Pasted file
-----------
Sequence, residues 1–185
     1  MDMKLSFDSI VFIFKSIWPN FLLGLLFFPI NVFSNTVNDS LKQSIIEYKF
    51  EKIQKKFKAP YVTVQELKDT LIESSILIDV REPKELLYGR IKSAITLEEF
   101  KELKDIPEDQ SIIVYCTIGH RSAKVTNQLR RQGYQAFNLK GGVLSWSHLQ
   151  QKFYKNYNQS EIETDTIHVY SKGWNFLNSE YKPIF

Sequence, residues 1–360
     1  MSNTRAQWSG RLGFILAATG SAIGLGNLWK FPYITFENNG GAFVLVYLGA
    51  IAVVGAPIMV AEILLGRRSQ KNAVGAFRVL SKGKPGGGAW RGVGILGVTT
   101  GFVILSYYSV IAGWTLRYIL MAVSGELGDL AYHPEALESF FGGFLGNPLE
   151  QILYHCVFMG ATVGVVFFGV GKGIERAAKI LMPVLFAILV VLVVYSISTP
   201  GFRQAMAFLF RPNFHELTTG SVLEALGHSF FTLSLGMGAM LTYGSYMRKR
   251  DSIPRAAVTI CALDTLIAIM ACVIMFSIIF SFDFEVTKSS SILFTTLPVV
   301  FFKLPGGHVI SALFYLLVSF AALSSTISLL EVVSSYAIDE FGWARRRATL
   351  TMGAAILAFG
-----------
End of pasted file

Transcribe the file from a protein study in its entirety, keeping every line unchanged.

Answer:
Sequence, residues 1–185
     1  MDMKLSFDSI VFIFKSIWPN FLLGLLFFPI NVFSNTVNDS LKQSIIEYKF
    51  EKIQKKFKAP YVTVQELKDT LIESSILIDV REPKELLYGR IKSAITLEEF
   101  KELKDIPEDQ SIIVYCTIGH RSAKVTNQLR RQGYQAFNLK GGVLSWSHLQ
   151  QKFYKNYNQS EIETDTIHVY SKGWNFLNSE YKPIF

Sequence, residues 1–360
     1  MSNTRAQWSG RLGFILAATG SAIGLGNLWK FPYITFENNG GAFVLVYLGA
    51  IAVVGAPIMV AEILLGRRSQ KNAVGAFRVL SKGKPGGGAW RGVGILGVTT
   101  GFVILSYYSV IAGWTLRYIL MAVSGELGDL AYHPEALESF FGGFLGNPLE
   151  QILYHCVFMG ATVGVVFFGV GKGIERAAKI LMPVLFAILV VLVVYSISTP
   201  GFRQAMAFLF RPNFHELTTG SVLEALGHSF FTLSLGMGAM LTYGSYMRKR
   251  DSIPRAAVTI CALDTLIAIM ACVIMFSIIF SFDFEVTKSS SILFTTLPVV
   301  FFKLPGGHVI SALFYLLVSF AALSSTISLL EVVSSYAIDE FGWARRRATL
   351  TMGAAILAFG